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CRIME

‘Police killer’ confesses to shooting officer

UPDATE: A suspect has been arrested following the killing of an off-duty police officer in western Germany on Wednesday night. The shooting sparked a large manhunt near Frankfurt on Thursday.

'Police killer' confesses to shooting officer
Officers searching a field on Thursday near the scene of the killing. Photo: DPA
The 50-year-old officer was shot dead in the street in Bischofsheim, Hesse, prompting a manhunt on Thursday with dogs and helicopters for the suspected shooter. Prosecutors also offered a €5,000 cash reward for information.

Late on Thursday police in Darmstadt said they had arrested a 57-year-old man at his apartment following a tip-off. He has already confessed, according to police

The motive for Wednesday’s killing remains unclear, but it had nothing to do with the victim's career choice, investigators said on Friday. 

The officer was shot while walking his dog with his wife and a friend around the edge of a field.
 
The group noticed a man following them who kept stopping when they stopped. 
 
When the police officer, who was dressed in civilian clothes, challenged him, the shooter opened fire.
 
"We're appalled by the murder of our colleague in southern Hesse and are stunned by this cruel, cowardly and senseless act," said Heini Schmidt, head of the regional chapter of the DPolG police union.

"We hope that the brutal murderer will be caught very soon and given his just punishment, even though this can be of no comfort and will not bring our colleague back." 

SEE ALSO: Manhunt on for policeman's killer

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GERMANY AND ISRAEL

Germany in talks on further payout for 1972 Olympics victims

The German government says it is in talks over further compensation for victims of the attack on the Munich Olympics, as the 50th anniversary of the atrocity approaches.

Germany in talks on further payout for 1972 Olympics victims

Ahead of the commemoration in September, relatives of the Israelis killed have indicated they are unhappy with what Germany is offering.

“Conversations based on trust are taking place with representatives of the victims’ families,” a German interior ministry spokesman told AFP when asked about the negotiations.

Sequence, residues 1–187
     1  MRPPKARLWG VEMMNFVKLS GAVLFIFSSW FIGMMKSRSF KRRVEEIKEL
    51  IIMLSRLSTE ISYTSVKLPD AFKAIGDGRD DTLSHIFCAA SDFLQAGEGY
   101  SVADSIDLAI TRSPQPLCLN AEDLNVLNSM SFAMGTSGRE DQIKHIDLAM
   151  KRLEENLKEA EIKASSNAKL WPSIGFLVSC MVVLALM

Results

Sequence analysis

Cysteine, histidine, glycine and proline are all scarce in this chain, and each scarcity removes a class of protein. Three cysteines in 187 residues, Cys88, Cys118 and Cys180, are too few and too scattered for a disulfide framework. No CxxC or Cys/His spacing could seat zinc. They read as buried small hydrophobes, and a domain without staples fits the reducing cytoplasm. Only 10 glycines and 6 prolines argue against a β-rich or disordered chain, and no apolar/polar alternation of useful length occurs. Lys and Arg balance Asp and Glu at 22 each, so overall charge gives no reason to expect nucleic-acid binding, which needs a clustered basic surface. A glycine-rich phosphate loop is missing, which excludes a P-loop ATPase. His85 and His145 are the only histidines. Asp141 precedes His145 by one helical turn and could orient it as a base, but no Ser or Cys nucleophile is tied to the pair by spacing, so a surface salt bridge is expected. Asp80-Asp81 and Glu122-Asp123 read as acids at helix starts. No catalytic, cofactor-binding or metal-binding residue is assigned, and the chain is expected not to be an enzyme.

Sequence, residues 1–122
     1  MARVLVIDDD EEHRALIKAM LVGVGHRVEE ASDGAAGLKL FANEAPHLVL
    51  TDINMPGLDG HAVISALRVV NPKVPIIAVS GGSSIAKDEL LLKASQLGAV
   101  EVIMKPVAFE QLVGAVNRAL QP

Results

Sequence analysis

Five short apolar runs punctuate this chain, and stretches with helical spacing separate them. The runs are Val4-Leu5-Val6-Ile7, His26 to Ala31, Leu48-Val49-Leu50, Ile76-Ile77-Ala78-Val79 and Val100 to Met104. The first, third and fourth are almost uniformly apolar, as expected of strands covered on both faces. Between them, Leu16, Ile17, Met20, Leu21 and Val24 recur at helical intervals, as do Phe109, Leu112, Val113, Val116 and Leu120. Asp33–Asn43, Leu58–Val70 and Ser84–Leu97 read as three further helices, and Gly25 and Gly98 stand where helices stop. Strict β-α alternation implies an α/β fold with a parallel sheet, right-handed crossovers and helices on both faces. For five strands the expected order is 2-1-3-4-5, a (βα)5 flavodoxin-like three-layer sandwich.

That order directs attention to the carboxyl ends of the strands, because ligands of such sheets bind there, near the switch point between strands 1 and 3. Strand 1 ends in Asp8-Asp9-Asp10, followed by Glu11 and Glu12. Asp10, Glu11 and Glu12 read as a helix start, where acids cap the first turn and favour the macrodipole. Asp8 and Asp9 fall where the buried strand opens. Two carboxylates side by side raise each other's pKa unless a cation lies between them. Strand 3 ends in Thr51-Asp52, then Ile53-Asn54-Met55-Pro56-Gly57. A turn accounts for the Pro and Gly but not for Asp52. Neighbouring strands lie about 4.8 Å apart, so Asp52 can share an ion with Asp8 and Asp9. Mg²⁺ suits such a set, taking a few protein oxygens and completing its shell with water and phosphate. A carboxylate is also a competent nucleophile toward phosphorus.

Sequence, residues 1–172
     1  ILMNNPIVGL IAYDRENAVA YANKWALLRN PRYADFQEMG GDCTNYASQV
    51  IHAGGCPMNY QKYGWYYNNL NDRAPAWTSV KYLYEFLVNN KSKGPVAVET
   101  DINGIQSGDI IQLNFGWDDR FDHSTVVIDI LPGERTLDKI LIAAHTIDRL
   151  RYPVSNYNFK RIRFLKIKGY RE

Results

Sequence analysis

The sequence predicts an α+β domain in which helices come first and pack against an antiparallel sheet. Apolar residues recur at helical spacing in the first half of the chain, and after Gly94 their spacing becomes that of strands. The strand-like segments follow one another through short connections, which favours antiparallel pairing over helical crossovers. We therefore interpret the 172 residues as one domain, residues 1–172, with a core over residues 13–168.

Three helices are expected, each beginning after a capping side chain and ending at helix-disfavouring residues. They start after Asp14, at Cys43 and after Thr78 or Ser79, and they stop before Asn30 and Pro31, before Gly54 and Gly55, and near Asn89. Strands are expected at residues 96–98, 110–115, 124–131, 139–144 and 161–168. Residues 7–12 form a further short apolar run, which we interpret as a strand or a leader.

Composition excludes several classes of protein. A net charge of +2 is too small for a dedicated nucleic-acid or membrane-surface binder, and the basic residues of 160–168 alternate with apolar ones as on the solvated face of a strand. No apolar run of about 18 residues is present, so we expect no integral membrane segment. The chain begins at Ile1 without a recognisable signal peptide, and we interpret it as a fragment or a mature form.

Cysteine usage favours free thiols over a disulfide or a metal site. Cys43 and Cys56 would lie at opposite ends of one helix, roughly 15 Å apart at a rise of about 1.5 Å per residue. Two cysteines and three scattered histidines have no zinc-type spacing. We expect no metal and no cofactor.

He did not specify who would benefit or how much money had been earmarked, saying only that any package would “again” be financed by the federal government, the state of Bavaria and the city of Munich.

On September 5th, 1972, eight gunmen broke into the Israeli team’s flat at the Olympic village, shooting dead two and taking nine Israelis hostage, threatening to kill them unless 232 Palestinian prisoners were released.

West German police responded with a bungled rescue operation in which all nine hostages were killed, along with five of the eight hostage-takers and a police officer.

An armed police officer in a tracksuit secures the block where terrorists  held Israeli hostages at the Olympic Village in Munich on 5th September 1972.

An armed police officer in a tracksuit secures the block where terrorists held Israeli hostages at the Olympic Village in Munich on 5th September 1972. Photo: picture alliance / dpa | Horst Ossingert

The spokeswoman for the victims’ families, Ankie Spitzer, told the German media group RND that the amount currently on the table was “insulting” and threatened a boycott of this year’s commemorations.

She said Berlin was offering a total of €10 million including around €4.5 million already provided in compensation between 1972 and 2002 — an amount she said did not correspond to international standards. 

“We are angry and disappointed,” said Spitzer, the widow of fencing coach Andre Spitzer who was killed in the attack. “We never wanted to talk publicly about money but now we are forced to.”

RND reported that the German and Israeli governments would like to see an accord by August 15th.

The interior ministry spokesman said that beyond compensation, Germany intended to use the anniversary for fresh “historical appraisal, remembrance and recognition”.

He said this would include the formation of a commission of German and Israeli historians to “comprehensively” establish what happened “from the perspective of the year 2022”.

This would lead to “an offer of further acts of acknowledgement of the relatives of the victims of the attack” and the “grave consequences” they suffered.

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